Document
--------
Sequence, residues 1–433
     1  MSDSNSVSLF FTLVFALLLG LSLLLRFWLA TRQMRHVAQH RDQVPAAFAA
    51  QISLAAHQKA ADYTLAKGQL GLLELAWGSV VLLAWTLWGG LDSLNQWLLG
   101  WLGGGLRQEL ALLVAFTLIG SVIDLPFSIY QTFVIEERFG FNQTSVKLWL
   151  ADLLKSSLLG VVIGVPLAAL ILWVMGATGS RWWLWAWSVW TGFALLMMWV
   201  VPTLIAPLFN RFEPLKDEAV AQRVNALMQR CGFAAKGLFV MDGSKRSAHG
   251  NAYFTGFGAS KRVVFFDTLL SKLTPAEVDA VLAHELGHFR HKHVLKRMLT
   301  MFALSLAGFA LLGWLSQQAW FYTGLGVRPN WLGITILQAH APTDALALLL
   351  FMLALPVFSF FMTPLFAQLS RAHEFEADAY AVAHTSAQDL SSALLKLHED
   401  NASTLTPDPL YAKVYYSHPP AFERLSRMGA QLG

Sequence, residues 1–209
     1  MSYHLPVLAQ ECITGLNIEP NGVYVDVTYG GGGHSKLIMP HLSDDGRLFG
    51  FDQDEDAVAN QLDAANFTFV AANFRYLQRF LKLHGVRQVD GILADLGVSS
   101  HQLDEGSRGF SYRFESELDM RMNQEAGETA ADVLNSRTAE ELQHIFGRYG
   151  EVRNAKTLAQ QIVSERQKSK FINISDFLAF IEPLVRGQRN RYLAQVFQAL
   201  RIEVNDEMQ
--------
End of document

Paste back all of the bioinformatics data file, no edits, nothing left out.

Sequence, residues 1–433
     1  MSDSNSVSLF FTLVFALLLG LSLLLRFWLA TRQMRHVAQH RDQVPAAFAA
    51  QISLAAHQKA ADYTLAKGQL GLLELAWGSV VLLAWTLWGG LDSLNQWLLG
   101  WLGGGLRQEL ALLVAFTLIG SVIDLPFSIY QTFVIEERFG FNQTSVKLWL
   151  ADLLKSSLLG VVIGVPLAAL ILWVMGATGS RWWLWAWSVW TGFALLMMWV
   201  VPTLIAPLFN RFEPLKDEAV AQRVNALMQR CGFAAKGLFV MDGSKRSAHG
   251  NAYFTGFGAS KRVVFFDTLL SKLTPAEVDA VLAHELGHFR HKHVLKRMLT
   301  MFALSLAGFA LLGWLSQQAW FYTGLGVRPN WLGITILQAH APTDALALLL
   351  FMLALPVFSF FMTPLFAQLS RAHEFEADAY AVAHTSAQDL SSALLKLHED
   401  NASTLTPDPL YAKVYYSHPP AFERLSRMGA QLG

Sequence, residues 1–209
     1  MSYHLPVLAQ ECITGLNIEP NGVYVDVTYG GGGHSKLIMP HLSDDGRLFG
    51  FDQDEDAVAN QLDAANFTFV AANFRYLQRF LKLHGVRQVD GILADLGVSS
   101  HQLDEGSRGF SYRFESELDM RMNQEAGETA ADVLNSRTAE ELQHIFGRYG
   151  EVRNAKTLAQ QIVSERQKSK FINISDFLAF IEPLVRGQRN RYLAQVFQAL
   201  RIEVNDEMQ